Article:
Hurt my head and my wrist when I fell. (hit metal rail, bidet and floor) They examined my head and already, within a couple of minutes, had a potato size lump on my head. Back to bed, with oxygen. More obs and a visit from the doctor. Next a visit to x-ray and CT scan for my wrist and head. All OK. Took canular out of my hand as that was one of the reasons for the pain in the wrist. (beam me up scotty) Jab into stomach.
Day 3: Still difficulty with retaining oxygen and breathing, it felt like someone was sat on my chest. Oxygen levels kept dropping every time they took me off oxygen. At some point in the day they thought I could have either a blood clot or was having a heart attack. Spray under my tongue to open up my veins, an ECG and back down for a x ray and CT scan plus equivalent of 3 jabs into my stomach. I am totally bruised.
The fluid injected for the CT scan didn’t give the warm sensation it was expected to?? They found I had a lower respiratory chest infection, antibiotics prescribed. Less pain killers requested or taken. Still no appetite. Blood sugars too low. Asked nurse to check down below as it felt very sore – just bruised.
Day 4: Canular started to leak into my tissue, redness in my skin. That canular taken out. New canular inserted. Early shower and hair wash whilst wearing the lovely green compression socks. Much easier to have them peeled off when wet. Now a request to brush my wet hair as I couldn’t due to the canular in my arm (where the normally draw blood) and the large bump on my head. Felt clean, yippee. Still no appetite. But yes gone to the loo,.always a celebration. Now the new canular started to leak into my skin, taken out. Oral antibiotics given. Doctor visited and said probably home in 2 days. Stomach jab.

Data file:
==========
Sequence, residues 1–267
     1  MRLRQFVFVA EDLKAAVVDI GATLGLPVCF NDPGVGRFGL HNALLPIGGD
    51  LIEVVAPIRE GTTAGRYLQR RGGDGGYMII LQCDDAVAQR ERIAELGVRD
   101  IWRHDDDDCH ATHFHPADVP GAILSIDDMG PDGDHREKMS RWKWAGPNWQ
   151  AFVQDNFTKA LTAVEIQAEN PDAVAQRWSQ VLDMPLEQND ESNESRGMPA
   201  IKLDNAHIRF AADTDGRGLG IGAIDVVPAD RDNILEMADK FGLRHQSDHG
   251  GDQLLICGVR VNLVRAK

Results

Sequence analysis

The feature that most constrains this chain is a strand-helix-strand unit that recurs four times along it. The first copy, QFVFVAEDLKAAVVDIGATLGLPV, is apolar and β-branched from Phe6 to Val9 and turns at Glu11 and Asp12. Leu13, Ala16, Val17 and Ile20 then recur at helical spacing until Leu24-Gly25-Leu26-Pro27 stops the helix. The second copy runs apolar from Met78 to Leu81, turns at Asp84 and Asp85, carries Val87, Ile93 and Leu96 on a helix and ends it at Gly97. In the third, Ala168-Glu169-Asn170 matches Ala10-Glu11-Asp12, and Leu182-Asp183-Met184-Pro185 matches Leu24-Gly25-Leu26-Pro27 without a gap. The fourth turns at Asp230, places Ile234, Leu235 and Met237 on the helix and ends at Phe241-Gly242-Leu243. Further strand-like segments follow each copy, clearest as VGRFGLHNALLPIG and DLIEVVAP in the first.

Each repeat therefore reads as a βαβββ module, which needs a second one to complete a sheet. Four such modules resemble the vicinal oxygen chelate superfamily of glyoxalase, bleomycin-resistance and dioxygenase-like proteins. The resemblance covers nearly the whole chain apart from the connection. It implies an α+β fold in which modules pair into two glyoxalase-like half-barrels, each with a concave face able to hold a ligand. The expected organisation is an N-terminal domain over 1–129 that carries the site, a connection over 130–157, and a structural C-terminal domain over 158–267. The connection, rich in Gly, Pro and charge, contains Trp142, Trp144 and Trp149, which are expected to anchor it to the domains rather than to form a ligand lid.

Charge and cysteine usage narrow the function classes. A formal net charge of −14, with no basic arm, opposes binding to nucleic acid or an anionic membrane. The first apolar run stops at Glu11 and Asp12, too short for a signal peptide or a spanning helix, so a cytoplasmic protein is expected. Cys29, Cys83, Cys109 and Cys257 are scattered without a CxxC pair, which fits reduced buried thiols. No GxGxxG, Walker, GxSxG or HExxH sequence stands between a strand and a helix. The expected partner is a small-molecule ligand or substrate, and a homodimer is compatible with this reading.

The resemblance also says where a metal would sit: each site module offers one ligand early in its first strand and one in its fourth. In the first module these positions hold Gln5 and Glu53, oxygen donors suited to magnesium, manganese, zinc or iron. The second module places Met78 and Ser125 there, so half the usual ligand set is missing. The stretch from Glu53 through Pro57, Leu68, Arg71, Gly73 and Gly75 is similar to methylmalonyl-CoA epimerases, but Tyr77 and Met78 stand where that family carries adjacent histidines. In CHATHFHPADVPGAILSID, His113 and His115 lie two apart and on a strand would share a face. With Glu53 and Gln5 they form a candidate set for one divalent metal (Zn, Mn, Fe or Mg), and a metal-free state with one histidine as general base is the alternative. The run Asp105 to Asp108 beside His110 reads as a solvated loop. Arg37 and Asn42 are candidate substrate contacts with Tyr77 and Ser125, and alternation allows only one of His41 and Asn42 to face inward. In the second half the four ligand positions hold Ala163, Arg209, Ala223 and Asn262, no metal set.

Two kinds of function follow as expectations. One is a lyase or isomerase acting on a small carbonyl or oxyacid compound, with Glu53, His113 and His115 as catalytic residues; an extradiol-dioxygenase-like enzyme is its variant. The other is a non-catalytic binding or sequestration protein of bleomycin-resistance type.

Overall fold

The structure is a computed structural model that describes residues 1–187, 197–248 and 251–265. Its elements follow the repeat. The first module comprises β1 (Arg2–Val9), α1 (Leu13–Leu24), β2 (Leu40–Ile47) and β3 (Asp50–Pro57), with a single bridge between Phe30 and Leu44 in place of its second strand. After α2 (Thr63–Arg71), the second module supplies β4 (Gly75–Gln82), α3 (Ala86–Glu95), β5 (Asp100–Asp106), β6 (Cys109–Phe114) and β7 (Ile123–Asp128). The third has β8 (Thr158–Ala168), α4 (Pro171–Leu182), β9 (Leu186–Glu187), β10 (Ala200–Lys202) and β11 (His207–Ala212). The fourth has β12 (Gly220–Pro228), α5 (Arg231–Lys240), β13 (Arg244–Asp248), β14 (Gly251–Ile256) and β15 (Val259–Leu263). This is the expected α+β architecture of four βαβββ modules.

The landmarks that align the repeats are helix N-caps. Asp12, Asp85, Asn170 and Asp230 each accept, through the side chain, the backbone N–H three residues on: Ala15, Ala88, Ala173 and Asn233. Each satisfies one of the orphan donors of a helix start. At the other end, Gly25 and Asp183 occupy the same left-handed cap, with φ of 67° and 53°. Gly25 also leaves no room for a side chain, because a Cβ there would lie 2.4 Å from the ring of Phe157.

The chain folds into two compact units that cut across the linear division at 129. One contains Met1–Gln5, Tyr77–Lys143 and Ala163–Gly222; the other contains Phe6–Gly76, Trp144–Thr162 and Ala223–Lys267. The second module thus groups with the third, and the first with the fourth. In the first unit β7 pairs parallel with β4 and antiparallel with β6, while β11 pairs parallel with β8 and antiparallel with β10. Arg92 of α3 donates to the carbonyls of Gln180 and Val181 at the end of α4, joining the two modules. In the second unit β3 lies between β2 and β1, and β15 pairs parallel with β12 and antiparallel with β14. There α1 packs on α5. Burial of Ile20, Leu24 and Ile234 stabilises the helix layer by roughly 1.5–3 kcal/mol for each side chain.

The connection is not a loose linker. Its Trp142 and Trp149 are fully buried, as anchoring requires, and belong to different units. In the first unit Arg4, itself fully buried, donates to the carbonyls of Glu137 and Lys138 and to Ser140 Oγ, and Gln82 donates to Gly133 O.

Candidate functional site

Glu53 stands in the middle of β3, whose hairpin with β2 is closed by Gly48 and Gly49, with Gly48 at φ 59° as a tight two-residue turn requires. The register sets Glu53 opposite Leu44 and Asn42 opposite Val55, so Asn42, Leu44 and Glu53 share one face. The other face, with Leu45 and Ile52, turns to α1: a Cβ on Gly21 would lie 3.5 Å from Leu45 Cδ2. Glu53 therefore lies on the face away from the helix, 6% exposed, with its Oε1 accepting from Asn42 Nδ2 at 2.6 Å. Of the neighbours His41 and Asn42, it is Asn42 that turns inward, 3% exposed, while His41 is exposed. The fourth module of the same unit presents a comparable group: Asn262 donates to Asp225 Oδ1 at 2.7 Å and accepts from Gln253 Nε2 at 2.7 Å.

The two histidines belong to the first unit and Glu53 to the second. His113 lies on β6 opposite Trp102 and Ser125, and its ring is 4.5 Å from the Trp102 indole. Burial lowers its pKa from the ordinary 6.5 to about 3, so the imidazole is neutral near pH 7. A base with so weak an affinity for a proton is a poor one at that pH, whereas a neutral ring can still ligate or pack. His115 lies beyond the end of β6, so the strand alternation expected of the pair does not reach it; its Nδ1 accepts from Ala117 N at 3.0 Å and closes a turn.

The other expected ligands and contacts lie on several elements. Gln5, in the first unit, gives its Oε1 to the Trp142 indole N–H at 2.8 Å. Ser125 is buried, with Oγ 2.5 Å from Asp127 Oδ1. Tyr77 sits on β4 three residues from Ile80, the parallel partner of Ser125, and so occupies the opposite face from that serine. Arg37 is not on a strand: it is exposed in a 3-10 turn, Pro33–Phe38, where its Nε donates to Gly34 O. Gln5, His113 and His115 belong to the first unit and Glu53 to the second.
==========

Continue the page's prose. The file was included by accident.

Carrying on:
Day 5: Painkillers and my other meds taken, started to feel very sick, was sick. Registrar came round (8.30 am) and said I could go home today. Yippee. Text to home, should be about lunchtime. Lunchtime came and went………I waited and waited and waited for discharge papers and meds. I got irate as I just wanted to go home. If I had known meds took all day I would have walked very slowly to the pharmacy myself. Eventually they let me go agreeing I could come back tomorrow for the discharge papers and the meds. Note discharge is usually between 7 and 8pm. Felt today that I wasn’t important, if that makes sense. I was going home, nurse even questioned if she needed to do obs. Nurses kindly carried my belongings to the door as no one allowed on the ward. Stomach jab.